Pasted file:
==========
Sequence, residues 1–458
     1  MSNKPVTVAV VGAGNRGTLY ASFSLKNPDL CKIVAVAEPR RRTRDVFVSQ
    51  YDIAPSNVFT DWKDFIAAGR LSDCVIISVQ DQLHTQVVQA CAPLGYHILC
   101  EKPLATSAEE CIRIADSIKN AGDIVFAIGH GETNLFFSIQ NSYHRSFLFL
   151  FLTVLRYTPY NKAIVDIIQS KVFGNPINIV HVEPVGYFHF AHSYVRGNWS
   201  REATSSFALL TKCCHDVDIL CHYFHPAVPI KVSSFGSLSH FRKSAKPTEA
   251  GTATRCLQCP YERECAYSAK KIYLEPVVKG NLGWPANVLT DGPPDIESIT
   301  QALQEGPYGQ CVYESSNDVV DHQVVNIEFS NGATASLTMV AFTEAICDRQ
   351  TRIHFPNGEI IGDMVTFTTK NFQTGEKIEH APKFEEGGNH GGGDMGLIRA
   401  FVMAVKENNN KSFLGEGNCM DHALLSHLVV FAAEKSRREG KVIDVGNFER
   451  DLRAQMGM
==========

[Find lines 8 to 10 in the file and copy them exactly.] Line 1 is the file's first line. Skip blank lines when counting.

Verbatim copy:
   301  QALQEGPYGQ CVYESSNDVV DHQVVNIEFS NGATASLTMV AFTEAICDRQ
   351  TRIHFPNGEI IGDMVTFTTK NFQTGEKIEH APKFEEGGNH GGGDMGLIRA
   401  FVMAVKENNN KSFLGEGNCM DHALLSHLVV FAAEKSRREG KVIDVGNFER